(39546) 1992 DT5

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(39546) 1992 DT5
Discovery [1]
Discovered by UESAC
Discovery site La Silla Obs.
Discovery date 29 February 1992
MPC designation (39546) 1992 DT5
1992 DT5 · 1999 TA162
main-belt · (middle)[2]
Orbital characteristics[1]
Epoch 4 September 2017 (JD 2458000.5)
Uncertainty parameter 0
Observation arc 24.40 yr (8,913 days)
Aphelion 2.8585 AU
Perihelion 2.7247 AU
2.7916 AU
Eccentricity 0.0240
4.66 yr (1,704 days)
0° 12m 40.68s / day
Inclination 5.2625°
Physical characteristics
Dimensions 5.34 km (calculated)[2]
1167.3602±100.0594 h[3]
0.057 (assumed)[2]
14.641±0.007 (R)[3] · 14.7[1] · 14.88±0.30[4] · 15.09[2]

(39546) 1992 DT5 is a carbonaceous asteroid and exceptionally slow rotator from the middle region of the asteroid belt, approximately 5 kilometers in diameter. It was discovered on 29 February 1992, by the Uppsala–ESO Survey of Asteroids and Comets (UESAC) at ESO's La Silla astronomical observatory site in northern Chile.[5]

Orbit and classification[edit]

The C-type asteroid orbits the Sun in the central main-belt at a distance of 2.7–2.9 AU once every 4 years and 8 months (1,704 days). Its orbit has an eccentricity of 0.02 and an inclination of 5° with respect to the ecliptic.[1] As no precoveries were taken, the asteroid's observation arc begins with its discovery observation in February 1992.[5]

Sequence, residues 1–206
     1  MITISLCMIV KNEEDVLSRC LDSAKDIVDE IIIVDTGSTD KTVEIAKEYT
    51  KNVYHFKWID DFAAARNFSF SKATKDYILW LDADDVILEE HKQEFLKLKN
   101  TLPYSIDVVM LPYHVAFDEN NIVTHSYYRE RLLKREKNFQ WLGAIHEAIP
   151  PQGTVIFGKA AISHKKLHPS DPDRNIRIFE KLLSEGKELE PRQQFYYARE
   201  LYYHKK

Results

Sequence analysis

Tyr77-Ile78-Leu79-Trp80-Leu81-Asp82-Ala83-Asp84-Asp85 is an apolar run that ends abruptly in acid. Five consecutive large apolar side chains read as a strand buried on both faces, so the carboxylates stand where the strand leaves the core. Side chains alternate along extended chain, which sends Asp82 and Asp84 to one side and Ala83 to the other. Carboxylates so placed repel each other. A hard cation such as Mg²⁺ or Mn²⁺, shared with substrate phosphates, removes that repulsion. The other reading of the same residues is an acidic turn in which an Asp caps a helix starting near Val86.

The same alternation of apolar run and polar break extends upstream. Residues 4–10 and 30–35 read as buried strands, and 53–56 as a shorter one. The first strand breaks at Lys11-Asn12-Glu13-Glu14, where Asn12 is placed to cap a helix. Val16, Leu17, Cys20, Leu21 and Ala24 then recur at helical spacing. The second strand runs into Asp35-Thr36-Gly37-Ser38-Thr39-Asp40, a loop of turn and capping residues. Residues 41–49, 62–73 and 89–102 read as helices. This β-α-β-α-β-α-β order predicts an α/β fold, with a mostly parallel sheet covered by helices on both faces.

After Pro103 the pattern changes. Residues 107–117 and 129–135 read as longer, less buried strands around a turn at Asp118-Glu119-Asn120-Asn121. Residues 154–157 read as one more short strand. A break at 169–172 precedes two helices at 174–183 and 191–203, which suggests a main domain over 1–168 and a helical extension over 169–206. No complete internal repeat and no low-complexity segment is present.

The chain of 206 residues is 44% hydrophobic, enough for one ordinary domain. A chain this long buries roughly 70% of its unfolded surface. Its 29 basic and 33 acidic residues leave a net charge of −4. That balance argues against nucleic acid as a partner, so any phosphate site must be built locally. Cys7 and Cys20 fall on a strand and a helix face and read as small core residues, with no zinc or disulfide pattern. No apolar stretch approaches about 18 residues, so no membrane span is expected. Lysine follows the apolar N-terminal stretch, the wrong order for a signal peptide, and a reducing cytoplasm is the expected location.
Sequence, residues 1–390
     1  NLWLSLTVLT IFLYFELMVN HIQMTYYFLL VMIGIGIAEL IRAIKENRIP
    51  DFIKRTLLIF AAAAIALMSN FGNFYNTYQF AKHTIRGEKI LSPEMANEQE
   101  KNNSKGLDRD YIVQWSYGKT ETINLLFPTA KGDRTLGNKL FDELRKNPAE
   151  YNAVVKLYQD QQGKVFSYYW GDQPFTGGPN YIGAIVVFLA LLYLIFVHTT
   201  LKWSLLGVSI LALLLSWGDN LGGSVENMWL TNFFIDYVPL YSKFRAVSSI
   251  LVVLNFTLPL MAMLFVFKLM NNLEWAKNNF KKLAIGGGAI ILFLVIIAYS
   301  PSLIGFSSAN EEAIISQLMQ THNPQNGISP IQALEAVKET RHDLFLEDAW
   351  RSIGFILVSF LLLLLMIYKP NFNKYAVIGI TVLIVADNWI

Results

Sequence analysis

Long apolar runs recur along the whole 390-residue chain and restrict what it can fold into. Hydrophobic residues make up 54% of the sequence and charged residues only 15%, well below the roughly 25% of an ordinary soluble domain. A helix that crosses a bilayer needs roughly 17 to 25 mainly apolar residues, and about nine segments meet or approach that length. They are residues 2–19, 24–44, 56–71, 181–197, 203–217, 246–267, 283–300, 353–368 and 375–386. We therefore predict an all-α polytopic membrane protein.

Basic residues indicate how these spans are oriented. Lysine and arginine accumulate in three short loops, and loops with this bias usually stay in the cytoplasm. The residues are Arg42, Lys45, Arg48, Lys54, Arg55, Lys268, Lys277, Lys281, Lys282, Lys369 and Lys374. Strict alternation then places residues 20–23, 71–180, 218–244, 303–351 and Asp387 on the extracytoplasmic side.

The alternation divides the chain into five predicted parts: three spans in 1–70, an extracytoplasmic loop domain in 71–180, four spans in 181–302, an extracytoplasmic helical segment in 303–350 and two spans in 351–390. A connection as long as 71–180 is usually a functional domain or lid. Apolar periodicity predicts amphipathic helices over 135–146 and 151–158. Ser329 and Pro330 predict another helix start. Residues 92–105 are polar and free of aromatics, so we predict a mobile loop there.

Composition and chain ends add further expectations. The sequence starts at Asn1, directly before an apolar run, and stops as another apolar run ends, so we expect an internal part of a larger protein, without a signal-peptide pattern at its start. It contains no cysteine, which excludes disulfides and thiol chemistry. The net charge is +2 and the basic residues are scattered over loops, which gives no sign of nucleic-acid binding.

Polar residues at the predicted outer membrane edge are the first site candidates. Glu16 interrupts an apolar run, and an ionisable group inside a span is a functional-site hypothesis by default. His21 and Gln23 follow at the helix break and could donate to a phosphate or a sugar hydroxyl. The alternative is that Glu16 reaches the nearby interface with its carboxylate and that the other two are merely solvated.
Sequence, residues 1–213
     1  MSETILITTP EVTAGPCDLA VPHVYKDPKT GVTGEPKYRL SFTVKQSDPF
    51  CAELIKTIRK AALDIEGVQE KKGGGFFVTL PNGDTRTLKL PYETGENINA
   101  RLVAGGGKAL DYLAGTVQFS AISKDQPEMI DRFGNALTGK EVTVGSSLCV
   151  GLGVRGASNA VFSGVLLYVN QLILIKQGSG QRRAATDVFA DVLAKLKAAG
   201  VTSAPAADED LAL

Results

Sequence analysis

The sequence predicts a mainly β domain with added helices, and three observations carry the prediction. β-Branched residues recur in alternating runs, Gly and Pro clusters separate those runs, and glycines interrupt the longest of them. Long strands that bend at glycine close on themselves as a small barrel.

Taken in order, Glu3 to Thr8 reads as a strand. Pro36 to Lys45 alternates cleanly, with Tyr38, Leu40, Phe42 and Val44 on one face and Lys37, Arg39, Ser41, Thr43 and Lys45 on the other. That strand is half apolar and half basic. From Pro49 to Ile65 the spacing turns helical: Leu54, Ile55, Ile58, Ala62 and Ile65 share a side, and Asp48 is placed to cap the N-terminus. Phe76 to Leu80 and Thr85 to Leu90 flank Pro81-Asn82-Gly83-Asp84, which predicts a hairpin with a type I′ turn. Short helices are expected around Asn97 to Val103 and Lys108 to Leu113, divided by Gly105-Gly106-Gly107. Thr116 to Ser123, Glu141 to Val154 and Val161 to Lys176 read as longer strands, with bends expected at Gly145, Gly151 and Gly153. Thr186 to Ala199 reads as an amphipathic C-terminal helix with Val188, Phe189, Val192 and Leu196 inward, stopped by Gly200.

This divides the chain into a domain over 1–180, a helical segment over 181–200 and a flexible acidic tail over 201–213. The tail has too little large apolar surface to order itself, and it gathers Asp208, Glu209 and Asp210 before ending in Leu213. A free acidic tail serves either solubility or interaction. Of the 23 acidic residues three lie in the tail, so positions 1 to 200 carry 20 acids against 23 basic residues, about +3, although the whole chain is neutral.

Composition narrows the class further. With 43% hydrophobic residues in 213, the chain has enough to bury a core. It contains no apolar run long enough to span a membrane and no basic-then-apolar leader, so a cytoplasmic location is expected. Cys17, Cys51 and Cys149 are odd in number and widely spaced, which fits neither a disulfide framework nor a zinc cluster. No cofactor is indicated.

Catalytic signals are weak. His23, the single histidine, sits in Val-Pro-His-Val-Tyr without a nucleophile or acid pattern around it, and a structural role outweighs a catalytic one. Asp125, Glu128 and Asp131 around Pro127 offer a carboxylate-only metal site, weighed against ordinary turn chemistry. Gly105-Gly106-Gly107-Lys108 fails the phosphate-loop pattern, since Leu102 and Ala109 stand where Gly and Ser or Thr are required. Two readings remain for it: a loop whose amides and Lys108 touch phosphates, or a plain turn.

Physical characteristics[edit]

In September 2013, a rotational lightcurve was obtained for this asteroid from photometric observations at the U.S Palomar Transient Factory in California, it gave a rotation period of 1167 hours with an estimated error margin of ±100 hours. According to the Light Curve Data Base (LCDB),[2] it is the 8th slowest rotating minor planet known to exist. With a high amplitude of 0.80 magnitude for its lightcurve, the body is likely to have a non-spheroidal shape (U=2).[3]

The Collaborative Asteroid Lightcurve Link assumes a standard albedo for carbonaceous asteroids of 0.057 and calculates a diameter of 5.3 kilometers, based on an absolute magnitude of 15.09.[2]

Numbering and naming[edit]

This minor planet was numbered by the Minor Planet Center on 26 May 2002.[6] As of 2018, it has not been named.[5]


  1. ^ a b c d "JPL Small-Body Database Browser: 39546 (1992 DT5)" (2016-07-25 last obs.). Jet Propulsion Laboratory. Retrieved 26 May 2017. 
  2. ^ a b c d e f g "LCDB Data for (39546)". Asteroid Lightcurve Database (LCDB). Retrieved 13 September 2016. 
  3. ^ a b c Waszczak, Adam; Chang, Chan-Kao; Ofek, Eran O.; Laher, Russ; Masci, Frank; Levitan, David; et al. (September 2015). "Asteroid Light Curves from the Palomar Transient Factory Survey: Rotation Periods and Phase Functions from Sparse Photometry". The Astronomical Journal. 150 (3): 35. arXiv:1504.04041Freely accessible. Bibcode:2015AJ....150...75W. doi:10.1088/0004-6256/150/3/75. Retrieved 13 September 2016. 
  4. ^ Veres, Peter; Jedicke, Robert; Fitzsimmons, Alan; Denneau, Larry; Granvik, Mikael; Bolin, Bryce; et al. (November 2015). "Absolute magnitudes and slope parameters for 250,000 asteroids observed by Pan-STARRS PS1 - Preliminary results". Icarus. 261: 34–47. arXiv:1506.00762Freely accessible. Bibcode:2015Icar..261...34V. doi:10.1016/j.icarus.2015.08.007. Retrieved 13 September 2016. 
  5. ^ a b c "39546 (1992 DT5)". Minor Planet Center. Retrieved 13 September 2016. 
  6. ^ "MPC/MPO/MPS Archive". Minor Planet Center. Retrieved 24 February 2018. 

External links[edit]